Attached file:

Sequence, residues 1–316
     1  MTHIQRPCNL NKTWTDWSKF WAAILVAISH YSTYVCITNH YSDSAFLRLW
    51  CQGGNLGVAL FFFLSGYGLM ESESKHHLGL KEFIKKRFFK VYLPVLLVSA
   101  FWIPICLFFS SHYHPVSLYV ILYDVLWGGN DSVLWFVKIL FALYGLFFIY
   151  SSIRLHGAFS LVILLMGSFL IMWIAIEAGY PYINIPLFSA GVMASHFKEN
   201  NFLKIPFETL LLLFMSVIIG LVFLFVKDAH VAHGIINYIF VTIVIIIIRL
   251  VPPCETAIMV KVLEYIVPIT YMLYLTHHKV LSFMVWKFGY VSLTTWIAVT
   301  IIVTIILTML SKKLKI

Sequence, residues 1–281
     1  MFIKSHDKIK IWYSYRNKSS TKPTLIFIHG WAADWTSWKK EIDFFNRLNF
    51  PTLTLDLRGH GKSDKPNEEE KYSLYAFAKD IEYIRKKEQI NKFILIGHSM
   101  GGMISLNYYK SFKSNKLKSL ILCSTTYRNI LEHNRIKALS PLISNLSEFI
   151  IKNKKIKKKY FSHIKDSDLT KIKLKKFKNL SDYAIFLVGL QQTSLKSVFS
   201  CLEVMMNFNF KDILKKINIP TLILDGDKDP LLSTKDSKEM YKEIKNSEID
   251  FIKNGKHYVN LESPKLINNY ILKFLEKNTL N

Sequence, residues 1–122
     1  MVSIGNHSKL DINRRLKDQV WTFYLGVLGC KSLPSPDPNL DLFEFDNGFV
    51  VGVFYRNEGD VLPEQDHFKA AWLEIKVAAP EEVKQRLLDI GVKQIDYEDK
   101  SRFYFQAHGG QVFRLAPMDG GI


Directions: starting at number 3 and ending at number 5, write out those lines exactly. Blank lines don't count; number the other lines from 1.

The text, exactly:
    51  CQGGNLGVAL FFFLSGYGLM ESESKHHLGL KEFIKKRFFK VYLPVLLVSA
   101  FWIPICLFFS SHYHPVSLYV ILYDVLWGGN DSVLWFVKIL FALYGLFFIY
   151  SSIRLHGAFS LVILLMGSFL IMWIAIEAGY PYINIPLFSA GVMASHFKEN